When Dawn Hopkins reopened her pub, the Rose Inn in Norwich, after months of closure because of coronavirus, what should have been a day of celebration was laced with grief.
Four days after the prime minister had announced on 16 March that people should avoid pubs and other social venues, her partner of more than six years, the pub’s landlord, had killed himself.
Carl Newell, 40, who grew up in Sprowston, a small suburban town in Norfolk, was a popular face behind the bar. An inquest in June found that the imminent closure of the venue might have been a factor in his death.
The case is among 11 recent inquests where coronavirus was cited by relatives or the coroner as a potential factor in a confirmed or suspected suicide. Research shows that a fifth of vulnerable people in Britain thought about self-harming or killing themselves during lockdown.
“The Monday before he died, we went to a hotel to relax for a night and that was the night Boris Johnson said on TV people should avoid going to pubs, without shutting us down,” Hopkins told the Guardian. “We were both anxious about that – that is your livelihood. We had talked about it, but whether he felt we would not get through it – or I would cope better without him there – I cannot say.”
The court heard that Newell had not sought help for mental health problems and had rarely been to the GP in the past few years, although he had experienced anxiety and depression before.
A postmortem found alcohol in his blood and indicators of prior drug use, although it was not known when he had consumed drugs. The report said drug withdrawal effects could include suicidal thoughts.
Giving a conclusion of suicide, the senior coroner, Jacqueline Lake, said: “I have considered the history of anxiety and taken into account the announcement of the closing of pubs due to coronavirus which may have played on his mind. I have also considered the effects of taking drugs and how it increases risk-taking behaviour.”
Hopkins replays the night before her partner died in her mind: they had done a quiz and fewer people than usual had shown up. “We were starting to feel the effects of what was happening, so he was a bit down … It was a down day for both of us but lots of people had also been saying they would still support us,” she said.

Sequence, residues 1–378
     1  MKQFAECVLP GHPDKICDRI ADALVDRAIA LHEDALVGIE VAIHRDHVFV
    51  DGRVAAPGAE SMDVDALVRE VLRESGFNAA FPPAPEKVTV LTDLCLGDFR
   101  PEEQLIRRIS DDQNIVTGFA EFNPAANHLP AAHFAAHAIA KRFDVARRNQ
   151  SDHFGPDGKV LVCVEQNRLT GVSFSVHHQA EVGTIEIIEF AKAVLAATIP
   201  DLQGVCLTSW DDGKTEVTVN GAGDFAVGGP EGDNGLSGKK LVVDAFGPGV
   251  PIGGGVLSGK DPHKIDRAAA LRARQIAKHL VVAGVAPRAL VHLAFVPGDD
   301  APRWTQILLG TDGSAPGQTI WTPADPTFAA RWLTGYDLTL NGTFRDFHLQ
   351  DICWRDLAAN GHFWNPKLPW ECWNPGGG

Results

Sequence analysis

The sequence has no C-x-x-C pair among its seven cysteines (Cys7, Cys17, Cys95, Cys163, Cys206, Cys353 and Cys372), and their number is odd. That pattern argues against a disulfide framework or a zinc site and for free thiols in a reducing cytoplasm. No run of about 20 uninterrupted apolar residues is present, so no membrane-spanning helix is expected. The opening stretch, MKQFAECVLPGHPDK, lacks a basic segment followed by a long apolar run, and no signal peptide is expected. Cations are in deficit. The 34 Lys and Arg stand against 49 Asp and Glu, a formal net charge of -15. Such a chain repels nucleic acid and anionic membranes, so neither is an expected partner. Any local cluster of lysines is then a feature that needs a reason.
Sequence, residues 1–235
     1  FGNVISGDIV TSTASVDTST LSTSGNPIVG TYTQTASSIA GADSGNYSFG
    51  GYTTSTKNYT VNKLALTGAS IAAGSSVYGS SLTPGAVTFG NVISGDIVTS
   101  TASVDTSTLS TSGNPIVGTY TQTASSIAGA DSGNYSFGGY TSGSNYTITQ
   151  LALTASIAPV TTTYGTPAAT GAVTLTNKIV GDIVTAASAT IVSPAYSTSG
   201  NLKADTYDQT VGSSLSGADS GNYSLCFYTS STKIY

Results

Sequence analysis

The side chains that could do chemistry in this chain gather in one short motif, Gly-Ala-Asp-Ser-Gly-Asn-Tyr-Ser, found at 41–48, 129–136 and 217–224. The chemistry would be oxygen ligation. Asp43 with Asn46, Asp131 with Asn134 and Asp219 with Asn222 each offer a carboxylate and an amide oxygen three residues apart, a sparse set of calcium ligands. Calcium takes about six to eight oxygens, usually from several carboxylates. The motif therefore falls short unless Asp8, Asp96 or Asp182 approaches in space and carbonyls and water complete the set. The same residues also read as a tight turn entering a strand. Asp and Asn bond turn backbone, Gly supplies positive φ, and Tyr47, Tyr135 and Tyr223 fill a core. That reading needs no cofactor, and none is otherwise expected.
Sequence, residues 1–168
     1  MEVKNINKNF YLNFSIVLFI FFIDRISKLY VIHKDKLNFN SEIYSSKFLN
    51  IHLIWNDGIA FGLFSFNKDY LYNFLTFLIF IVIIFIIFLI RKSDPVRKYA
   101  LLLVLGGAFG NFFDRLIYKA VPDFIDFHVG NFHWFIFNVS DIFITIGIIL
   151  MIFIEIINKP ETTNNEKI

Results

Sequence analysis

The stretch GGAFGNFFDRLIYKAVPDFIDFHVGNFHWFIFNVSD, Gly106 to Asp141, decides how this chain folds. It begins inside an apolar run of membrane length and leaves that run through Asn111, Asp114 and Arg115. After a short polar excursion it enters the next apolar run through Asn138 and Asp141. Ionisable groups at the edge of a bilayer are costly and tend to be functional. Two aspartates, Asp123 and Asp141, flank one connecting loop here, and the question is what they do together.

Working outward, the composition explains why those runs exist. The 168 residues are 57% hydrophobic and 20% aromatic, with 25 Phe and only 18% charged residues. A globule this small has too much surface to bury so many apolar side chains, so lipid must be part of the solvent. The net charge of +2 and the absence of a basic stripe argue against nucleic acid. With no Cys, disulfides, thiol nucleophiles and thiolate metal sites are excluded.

Newell took a long time to warm to people but once he did he was very caring, Hopkins said. “I suppose he could be quite introverted at times, but at other times, when he worked here behind the bar, he could be the life and soul of the party.”
More than 100 people wrote messages of support after Hopkins wrote about Newell’s death on the pub’s Facebook page.
Alex Larter, 29, a regular at the Rose Inn, remembers him as a man who loved music and sport. “We spoke a lot about football and music. We both played the drums … We would share drinks and I’d hang out with him when the pub was quiet.”
Larter recalled Newell always wearing flip-flops while working, no matter the weather, to avoid water in the cellars dirtying his shoes. “So our quiz name was ‘Carl’s flip-flops’ most of the year. He could be in a blazer and have a well-groomed beard and be wearing flip-flops,” he said. “He looked like a strong, kind of intimidating guy but he was very charismatic … I very quickly realised he was a big softie and loved a good joke.”
Larter said Newell’s life was built around the pub and he would welcome customers with hugs. “He worked his socks off [for] two years with one week’s holiday, and around February the pub was the busiest it had ever been. He said: ‘I am so proud.’ And then Covid came along and he was telling me ‘this sucks’ as there were plans he had he could no longer do.
“I was there with him at closing time, and had his last pint with him and we talked about how he was doing a lot of work on his own as some staff were off due to concerns around shielding. I said I would come in the next day to help as a volunteer … I think there was a lot of uncertainty and in those two weeks lots of people stopped coming in and that hurt him and there was no guidance from the government.”
On the night he died, Newell and his partner went upstairs after closing the pub and had a takeaway. Hopkins found him dead the next day.
“It is hard standing behind the bar without him for the first time,” she said. “The pub is full of Carl. The pictures on the walls of his favourite band, Kasabian, the styling of the pub, the music we play. We’ll also carry on his tradition of serving the most innovative and creative craft beers we can source. Also, when we can all get together again, we will be hosting the mother of all wakes.”
In the UK and Ireland, Samaritans can be contacted on 116 123 or by emailing firstname.lastname@example.org or email@example.com. In the US, the National Suicide Prevention Lifeline is 1-800-273-8255. In Australia, the crisis support service Lifeline is 13 11 14. Other international helplines can be found at www.befrienders.org. You can contact the mental health charity Mind by calling 0300 123 3393 or visiting mind.org.uk